This thesis discusses the electronic compressibility of two representative three dimensional topological insulators : Strained mercury telluride (HgTe) and bismuth selenide (Bi2Se3).
I present low temperature phase-sensitive electron admittance data over a broad frequency range.
This allows to extract the quantum capacitance related to the density of states and the resistivity of the investigated materials.
I show that the response of an intrinsic topological insulator is dominated by topological surface states over a large energy range
exceeding the bulk material’s transport gap. This regime, named “Dirac screening” is characterized by an electron compressibility
proportional to the surface Fermi level and a high mobility. Subsequently, I investigate the limits of this regime.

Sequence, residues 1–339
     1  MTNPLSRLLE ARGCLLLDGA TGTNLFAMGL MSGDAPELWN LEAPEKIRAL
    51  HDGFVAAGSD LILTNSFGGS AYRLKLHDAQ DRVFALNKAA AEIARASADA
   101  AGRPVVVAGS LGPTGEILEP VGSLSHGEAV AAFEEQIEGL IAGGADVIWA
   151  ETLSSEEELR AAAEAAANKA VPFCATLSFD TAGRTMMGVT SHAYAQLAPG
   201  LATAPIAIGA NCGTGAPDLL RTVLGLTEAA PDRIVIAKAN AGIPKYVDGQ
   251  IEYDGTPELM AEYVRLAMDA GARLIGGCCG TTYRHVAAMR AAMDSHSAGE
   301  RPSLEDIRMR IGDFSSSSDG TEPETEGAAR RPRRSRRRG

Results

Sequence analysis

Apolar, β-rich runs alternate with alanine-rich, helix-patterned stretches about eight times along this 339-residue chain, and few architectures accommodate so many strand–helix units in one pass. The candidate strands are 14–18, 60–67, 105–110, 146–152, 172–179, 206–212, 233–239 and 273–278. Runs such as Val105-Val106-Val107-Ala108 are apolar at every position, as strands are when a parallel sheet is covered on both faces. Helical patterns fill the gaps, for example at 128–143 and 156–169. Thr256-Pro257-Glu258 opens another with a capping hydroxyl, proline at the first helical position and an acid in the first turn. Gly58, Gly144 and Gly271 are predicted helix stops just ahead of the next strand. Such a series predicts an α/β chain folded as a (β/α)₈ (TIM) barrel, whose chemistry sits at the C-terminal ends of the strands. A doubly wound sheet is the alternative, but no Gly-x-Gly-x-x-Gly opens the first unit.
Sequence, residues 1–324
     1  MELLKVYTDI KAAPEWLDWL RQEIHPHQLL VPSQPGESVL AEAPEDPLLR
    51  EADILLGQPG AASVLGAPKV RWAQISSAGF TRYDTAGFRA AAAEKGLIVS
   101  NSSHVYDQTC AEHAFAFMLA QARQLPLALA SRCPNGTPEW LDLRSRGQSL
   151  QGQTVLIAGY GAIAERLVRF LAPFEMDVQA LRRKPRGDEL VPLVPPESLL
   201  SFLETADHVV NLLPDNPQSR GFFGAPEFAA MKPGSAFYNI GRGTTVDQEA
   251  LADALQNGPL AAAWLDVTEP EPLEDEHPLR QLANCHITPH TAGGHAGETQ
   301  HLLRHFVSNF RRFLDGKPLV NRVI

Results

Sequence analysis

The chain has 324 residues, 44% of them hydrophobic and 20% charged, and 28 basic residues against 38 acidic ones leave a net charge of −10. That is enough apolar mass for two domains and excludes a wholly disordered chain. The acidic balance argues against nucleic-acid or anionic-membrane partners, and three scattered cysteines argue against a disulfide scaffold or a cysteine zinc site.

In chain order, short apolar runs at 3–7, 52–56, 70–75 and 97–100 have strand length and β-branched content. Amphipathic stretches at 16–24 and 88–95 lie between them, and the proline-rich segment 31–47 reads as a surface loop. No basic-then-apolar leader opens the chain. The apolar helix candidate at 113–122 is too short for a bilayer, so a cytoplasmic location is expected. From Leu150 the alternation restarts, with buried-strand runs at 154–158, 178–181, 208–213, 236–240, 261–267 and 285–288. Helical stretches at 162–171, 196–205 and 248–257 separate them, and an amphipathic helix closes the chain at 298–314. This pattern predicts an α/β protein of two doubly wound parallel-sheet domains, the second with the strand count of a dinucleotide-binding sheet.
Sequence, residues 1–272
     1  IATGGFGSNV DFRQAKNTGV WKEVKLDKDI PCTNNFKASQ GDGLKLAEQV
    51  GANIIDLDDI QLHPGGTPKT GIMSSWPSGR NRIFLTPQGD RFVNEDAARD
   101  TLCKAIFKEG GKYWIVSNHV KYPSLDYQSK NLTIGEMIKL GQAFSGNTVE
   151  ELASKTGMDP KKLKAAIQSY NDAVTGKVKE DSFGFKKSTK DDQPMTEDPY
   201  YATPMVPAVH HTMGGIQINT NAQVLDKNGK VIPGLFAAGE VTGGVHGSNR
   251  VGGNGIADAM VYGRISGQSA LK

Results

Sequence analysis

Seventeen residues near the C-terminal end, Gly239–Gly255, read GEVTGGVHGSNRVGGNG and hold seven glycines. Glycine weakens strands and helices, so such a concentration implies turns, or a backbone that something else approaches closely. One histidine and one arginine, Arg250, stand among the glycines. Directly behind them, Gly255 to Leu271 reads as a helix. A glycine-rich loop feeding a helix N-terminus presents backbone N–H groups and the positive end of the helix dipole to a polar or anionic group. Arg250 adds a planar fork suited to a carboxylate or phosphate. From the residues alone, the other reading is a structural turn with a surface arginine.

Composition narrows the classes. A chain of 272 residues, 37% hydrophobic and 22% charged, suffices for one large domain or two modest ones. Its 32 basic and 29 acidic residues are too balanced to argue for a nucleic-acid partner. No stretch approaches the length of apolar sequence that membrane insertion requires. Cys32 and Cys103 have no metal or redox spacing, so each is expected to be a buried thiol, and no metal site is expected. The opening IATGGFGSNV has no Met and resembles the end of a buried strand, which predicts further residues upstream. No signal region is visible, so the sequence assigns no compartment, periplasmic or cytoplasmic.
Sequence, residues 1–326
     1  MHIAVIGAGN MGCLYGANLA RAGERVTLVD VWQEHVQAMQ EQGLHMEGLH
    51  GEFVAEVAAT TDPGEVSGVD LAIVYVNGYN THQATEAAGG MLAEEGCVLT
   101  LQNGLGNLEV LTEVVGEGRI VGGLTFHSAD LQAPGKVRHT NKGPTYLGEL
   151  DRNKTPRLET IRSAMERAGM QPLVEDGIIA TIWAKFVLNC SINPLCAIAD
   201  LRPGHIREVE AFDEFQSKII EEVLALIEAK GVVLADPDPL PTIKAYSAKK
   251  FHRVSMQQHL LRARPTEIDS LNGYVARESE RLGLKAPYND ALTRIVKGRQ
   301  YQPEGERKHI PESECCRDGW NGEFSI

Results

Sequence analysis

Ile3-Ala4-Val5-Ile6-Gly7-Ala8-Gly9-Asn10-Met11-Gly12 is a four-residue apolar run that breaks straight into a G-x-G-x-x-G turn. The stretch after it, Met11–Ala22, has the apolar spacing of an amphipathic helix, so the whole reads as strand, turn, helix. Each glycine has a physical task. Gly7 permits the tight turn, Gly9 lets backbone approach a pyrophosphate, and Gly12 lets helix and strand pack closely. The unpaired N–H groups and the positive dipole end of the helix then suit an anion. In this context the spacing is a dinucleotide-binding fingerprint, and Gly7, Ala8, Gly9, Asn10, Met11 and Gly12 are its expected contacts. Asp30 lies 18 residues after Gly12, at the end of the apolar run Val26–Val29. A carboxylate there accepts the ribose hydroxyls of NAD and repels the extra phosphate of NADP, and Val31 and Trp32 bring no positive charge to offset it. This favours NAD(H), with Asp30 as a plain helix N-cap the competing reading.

At high energy and large perpendicular electric fields I observe the population of excited massive surface states.
Experimentally, these manifest themselves in multiple signatures : A drop in the electronic diffusion constant,
a peak in the conductivity, appearance of a second carrier type in magneto-transport and meta-stability in the charge-voltage relation.
A theoretical model based on a quasi-relativistic treatment of the surface Hamiltonian is presented.
It allows to identify the electric field and energy dependence of the massive surface states.
This thesis is complemented by experimental results on Bi2Se3 grown on boron nitride, where I demonstrate
the importance of clean surfaces for the study of electronic properties in topological insulators.
mettant en évidence l’importance de la pureté des interfaces d’isolants topologiques